Eyelashes have become the new must-have accessory... sort of like clip-in hair extensions. The longer, the better. Now women are going to great lengths to make their lashes more aesthetically pleasing. Falsies, prescription and over-the-counter medications, and even surgery are big business in the world of eyelashes.
Falsies and surgery are pretty straight forward...
You can surgically get strands of lashes semi-permenantly sewn into your eyelid, which of course requires maintenance every so often.
Or you can go to your neighborhood drugstore or the mall (Sephora, MAC, etc.) and glue 'em on for a night.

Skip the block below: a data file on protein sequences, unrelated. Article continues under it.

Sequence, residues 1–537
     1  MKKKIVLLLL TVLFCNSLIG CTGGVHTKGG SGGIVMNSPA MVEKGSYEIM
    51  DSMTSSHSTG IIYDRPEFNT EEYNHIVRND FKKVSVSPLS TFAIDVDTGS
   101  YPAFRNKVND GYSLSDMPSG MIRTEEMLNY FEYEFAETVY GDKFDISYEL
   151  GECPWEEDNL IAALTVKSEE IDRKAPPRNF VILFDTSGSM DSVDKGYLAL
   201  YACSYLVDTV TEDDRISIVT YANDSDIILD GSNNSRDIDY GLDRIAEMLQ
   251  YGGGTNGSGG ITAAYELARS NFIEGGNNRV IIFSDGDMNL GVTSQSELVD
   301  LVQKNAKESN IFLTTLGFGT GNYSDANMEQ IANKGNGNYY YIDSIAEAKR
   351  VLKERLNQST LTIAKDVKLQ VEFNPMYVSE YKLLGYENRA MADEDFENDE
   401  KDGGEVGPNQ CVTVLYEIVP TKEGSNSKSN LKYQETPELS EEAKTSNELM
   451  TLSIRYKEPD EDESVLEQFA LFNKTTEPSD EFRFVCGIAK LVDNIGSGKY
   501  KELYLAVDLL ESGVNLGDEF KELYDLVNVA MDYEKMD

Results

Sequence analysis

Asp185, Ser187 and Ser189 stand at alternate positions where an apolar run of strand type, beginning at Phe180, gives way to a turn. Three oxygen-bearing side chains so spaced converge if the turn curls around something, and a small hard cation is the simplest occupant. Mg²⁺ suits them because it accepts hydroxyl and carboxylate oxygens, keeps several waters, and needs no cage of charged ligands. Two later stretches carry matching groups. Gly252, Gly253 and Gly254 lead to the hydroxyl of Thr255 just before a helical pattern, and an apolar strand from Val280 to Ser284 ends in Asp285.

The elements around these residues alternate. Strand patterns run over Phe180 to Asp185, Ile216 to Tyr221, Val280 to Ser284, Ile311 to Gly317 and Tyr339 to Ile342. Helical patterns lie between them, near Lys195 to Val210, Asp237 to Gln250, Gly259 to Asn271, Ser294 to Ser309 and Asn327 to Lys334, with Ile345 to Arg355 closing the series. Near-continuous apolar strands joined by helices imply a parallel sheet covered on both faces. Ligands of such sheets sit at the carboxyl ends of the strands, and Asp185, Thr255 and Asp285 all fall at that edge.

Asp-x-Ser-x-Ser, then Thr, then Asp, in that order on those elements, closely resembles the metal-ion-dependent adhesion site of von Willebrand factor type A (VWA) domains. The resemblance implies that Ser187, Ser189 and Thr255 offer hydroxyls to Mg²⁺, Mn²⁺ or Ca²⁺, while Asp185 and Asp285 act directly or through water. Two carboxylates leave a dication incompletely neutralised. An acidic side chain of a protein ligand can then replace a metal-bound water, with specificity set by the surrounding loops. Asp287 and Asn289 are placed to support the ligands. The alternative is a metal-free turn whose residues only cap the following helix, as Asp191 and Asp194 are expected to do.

But what about the pills and the magic potions that we rub onto our eyelashes to make them longer? Do these things work? And if so, how do they work?
In a recent New York Times article, Kayleen Schaefer enlightens us. Products like Latisse contain a molecule that "prolongs the hair growth cycle so your lashes don't fall out as often." Therefore, overtime there are more lashes on your lids and they appear thicker and longer.
This sounds great, right? And here's the big "BUT"... Most doctor's agree that once you stop taking these expensive pills and potions, your lashes will go right back to the way they were meaning you would have to keep buying them.
My suggestion, forgo the medications and use good old-fashioned falsies and glue. If you don't trust yourself, go to the professionals and have them do it. There are lots of falsies that look very natural and don't cost hundreds and even thousands of dollars.
If you're in the DC area, try out this business: